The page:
Changing subnational fertility trends in England and Wales

Changing subnational fertility trends in England and Wales

Changing subnational fertility trends in England and Wales Nicola Tromans, Dr Julie Jefferies and Eva Natamba Fertility Analysis Unit, ONS Centre for Demography Dr Paul Norman School of Geography, University of Leeds Pauls research has been funded by the ESRC's Understanding Outline 1. National trends in fertility since 1986 2. Have these same trends occurred by region? 3. Fertility trends at LA level 4. Relationship between TFR and age patterns of fertility (LA level) 5. Insight into fertility trends within individual LAs population subgroups which may influence fertility 2007 2006

2005 2004 2003 2002 2001 2000 1999 1998 1997 1996 1995 1994

1993 1992 1991 1990 1989 1988 1987 1986 Total fertility rate Total Fertility Rate, 1986-2007 England and Wales 1.95

1.90 1.85 1.80 1.75 1.70 1.65 1.60 1.55 1.50 1.45 How have age patterns of fertility changed since 1986? (England and Wales) Live births per 1,000 women

140 1986 120 2001 100 2007 80 60 40 20 0 Under 20 20-24 25-29 Age

30-34 35-39 40 and over Further changes in fertility trends since 1986 (England and Wales) Increased % of births occurring outside marriage 21 per cent of births in 1986 44 per cent of births in 2007 Increased % of births to women born outside the UK 12 per cent of births in 1986 23 per cent of births in 2007 Do regional TFR trends differ from national trends? Total Fertility Rate within

Regions TFR pattern for E&W evident for each region - All regions experience a record low TFR in either 2001 or 2002 2.0 1.9 1.8 1.7 1.6 1.5 Regional TFRs England and Wales Regional Trends - TFR Regions exhibiting the highest and lowest TFRs have varied Highest TFR 1986-1993 North West, West Midlands, Wales 1994-2006 West Midlands (1.96 in 2006) Lowest TFR

1986-1990 London, North East, South East 1990-1993 London 1994-2005 North East 2006 North East and South West (1.79) Regional Trends most fertile age group In 1986, the most fertile age group in all regions was 25-29 By 2006 the most fertile age group increased to 30-34 in the East and all southern regions. fertility postponement in the south Does the TFR trend at local authority level correspond with the national trend? Distribution of local authority TFRs 1986, 2001, 2006 T o ta l F e rtility R a te 2.50

2.00 1.50 1.00 1986 2001 2006 Which local authorities have the highest TFRs? Number of times LA appeared in top 10 between 1986 and 2006 (inclusive) Newham 21 Blackburn with Darwen UA 21 Luton UA

19 Bradford 19 Hackney and City of London 14 Oldham 14 Tower Hamlets 13 Rochdale 12 Pendle

9 Hyndburn 9 Which local authorities have the lowest TFRs? Number of times LA appeared in bottom 10 between 1986 and 2006 (inclusive) Cambridge 21 Durham 21 Oxford 20 Kensington and Chelsea

19 Camden 16 Hammersmith and Fulham 13 Brighton and Hove UA 12 Exeter 12 Bournemouth UA 7 Berwick-Upon-Tweed

6 How many local authorities experience older age patterns of fertility in 2006? Peak age of fertility Number of local authorities 1986 2001 2006 20-24 15 23 12 25-29

351 237 192 30-34 8 114 169 35-39 0 0 1 (Islington) Relationship between TFR and age patterns of fertility (local authority level)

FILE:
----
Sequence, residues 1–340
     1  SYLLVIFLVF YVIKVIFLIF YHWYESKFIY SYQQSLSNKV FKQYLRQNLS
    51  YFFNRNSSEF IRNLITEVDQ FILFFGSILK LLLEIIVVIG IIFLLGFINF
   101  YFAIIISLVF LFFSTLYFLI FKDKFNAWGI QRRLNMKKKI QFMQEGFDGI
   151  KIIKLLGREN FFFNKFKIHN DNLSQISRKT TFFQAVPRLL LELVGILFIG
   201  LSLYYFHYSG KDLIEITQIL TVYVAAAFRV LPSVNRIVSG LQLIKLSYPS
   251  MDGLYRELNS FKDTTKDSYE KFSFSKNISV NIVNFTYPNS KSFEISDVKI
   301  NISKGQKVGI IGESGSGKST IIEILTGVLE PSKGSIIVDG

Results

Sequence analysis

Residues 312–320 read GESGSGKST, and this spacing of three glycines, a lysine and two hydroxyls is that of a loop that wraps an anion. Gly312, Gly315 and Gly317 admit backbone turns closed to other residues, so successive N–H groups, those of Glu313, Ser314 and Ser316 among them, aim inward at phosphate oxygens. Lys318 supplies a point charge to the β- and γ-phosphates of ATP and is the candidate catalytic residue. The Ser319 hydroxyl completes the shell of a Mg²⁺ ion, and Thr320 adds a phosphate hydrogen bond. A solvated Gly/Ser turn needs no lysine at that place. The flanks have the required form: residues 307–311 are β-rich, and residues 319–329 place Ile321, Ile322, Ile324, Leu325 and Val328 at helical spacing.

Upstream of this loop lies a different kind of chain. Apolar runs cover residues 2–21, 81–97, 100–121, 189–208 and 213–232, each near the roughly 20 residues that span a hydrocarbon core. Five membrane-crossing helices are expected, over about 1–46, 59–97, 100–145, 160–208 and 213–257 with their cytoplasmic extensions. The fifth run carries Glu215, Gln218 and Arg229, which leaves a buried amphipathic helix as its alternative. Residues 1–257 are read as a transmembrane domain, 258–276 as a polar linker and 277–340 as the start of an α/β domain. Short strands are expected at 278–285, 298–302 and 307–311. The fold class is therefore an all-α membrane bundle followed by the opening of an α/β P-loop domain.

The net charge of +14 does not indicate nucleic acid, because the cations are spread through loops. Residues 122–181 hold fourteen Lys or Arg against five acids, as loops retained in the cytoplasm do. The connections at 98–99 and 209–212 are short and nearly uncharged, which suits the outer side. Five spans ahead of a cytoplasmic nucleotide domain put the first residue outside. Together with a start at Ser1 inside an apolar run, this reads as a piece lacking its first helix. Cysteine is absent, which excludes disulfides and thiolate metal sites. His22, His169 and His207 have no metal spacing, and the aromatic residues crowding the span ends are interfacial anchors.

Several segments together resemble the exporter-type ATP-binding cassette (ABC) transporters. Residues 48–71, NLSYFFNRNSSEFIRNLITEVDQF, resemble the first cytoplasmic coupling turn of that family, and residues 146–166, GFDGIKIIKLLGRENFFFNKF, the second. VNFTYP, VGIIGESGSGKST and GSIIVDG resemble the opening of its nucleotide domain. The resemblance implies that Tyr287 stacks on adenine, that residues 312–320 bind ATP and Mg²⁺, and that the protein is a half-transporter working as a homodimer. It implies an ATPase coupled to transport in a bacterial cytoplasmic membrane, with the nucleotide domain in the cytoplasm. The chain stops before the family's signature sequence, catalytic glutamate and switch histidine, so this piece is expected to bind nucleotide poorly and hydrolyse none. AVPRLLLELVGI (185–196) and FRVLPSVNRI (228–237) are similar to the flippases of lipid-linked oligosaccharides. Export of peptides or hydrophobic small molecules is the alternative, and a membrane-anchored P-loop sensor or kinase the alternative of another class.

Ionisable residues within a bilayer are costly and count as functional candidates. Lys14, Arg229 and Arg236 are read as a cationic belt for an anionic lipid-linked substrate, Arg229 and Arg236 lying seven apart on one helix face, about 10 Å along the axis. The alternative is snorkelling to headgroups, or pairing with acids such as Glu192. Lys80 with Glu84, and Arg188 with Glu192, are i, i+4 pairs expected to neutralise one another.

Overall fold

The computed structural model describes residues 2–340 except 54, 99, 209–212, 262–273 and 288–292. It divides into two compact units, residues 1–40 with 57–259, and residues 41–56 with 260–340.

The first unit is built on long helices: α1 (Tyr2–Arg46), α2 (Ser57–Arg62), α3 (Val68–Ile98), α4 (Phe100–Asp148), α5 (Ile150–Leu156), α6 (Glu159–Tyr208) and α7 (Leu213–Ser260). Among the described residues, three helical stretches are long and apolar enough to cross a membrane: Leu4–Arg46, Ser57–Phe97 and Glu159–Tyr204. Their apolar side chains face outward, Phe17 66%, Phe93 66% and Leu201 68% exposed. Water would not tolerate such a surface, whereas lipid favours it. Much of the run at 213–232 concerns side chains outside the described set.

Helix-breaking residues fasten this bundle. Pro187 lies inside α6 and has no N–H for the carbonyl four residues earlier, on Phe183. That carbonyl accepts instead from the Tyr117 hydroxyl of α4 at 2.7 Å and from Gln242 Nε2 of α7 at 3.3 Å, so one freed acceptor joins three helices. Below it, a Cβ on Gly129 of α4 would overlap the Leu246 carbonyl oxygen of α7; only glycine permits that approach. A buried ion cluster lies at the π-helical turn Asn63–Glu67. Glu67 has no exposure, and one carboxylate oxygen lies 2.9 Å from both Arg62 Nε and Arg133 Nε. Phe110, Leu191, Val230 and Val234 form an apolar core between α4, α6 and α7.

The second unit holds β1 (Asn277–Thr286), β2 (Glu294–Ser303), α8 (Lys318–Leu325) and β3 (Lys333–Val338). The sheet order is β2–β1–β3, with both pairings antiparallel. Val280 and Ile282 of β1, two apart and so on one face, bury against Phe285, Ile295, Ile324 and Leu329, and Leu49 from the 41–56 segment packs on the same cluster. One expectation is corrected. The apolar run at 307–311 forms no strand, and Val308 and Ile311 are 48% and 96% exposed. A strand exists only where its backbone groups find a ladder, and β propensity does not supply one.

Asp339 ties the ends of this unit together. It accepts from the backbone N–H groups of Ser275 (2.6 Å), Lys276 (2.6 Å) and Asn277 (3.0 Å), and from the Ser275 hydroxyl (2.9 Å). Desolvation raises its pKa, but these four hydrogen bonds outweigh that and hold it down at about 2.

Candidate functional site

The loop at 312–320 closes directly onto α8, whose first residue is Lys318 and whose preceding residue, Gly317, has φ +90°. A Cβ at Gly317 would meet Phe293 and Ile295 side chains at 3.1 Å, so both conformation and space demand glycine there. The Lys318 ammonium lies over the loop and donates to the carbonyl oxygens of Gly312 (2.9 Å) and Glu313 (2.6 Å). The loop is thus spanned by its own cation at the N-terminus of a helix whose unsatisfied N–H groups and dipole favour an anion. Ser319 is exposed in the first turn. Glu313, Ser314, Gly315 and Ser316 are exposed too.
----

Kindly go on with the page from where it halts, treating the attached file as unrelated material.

Do areas where the TFR is low have lower fertility at all ages when compared with areas where the TFR is high? M ean num ber of live births per 1,000 wom en Mean ASFRs in LAs with highest TFR and LAs with lowest TFRs 2006 140 120 100 80 60 40 20 0 Under 20 20-24 Low TFR 2006

25-29 30-34 35-39 Age 40 and over High TFR 2006 Compared 50 LAs with lowest TFR and 50 LAs with highest TFR An insight into fertility in individual local authorities... TFR trends in selected local authorities Total Fertility Rate

2.4 2.2 2 1.8 1.6 1.4 1.2 1 1986 Boston 1988 Exeter 1990 1992 E&W 1994 Newham 1996

1998 2000 2002 Blackburn With Darwen UA 2004 2006 Cambridge Live births per 1,000 wom en Cambridge age patterns of fertility 120 100 80 60 40 20

0 Under 20 20-24 25-29 30-34 35-39 Age 1986 40 and over 2006 TFR 1986 2001

2006 Cambridge 1.35 1.20 1.39 East (Region) 1.75 1.67 1.87 Cambridge Students Presence of HE institutions likely to affect fertility Students lower fertility while studying Graduates tend to enter motherhood later

More noticeable where % of students in population is high Cambridge - births to migrants 41% of births in 2006 were to mothers born outside UK England and Wales 22% Diverse range of countries including 13% EU countries 5% USA, Canada, Australia or New Zealand How do international migrants affect fertility levels? No clear cut relationship between %births to non-UK born mothers and level of fertility in an area considerable variation in fertility levels of women from different countries of birth Birth registration does not use detailed definition of usual residence Short term migrants not included in population estimates

12 month definition of usual residence Key findings fertility patterns since 1986 1. National TFR patterns are reflected at the regional level - not always mirrored at LA level 2. In 1986, all regions experienced peak fertility at ages 25-29. By 2006 the south had increased to 30-34 3. LAs with relatively high TFRs display much higher fertility at younger reproductive ages 4. LAs with relatively low TFRs have an older age pattern for childbearing 5. Population subgroups such as students, graduates and migrants can impact upon period fertility in LAs. [email protected]

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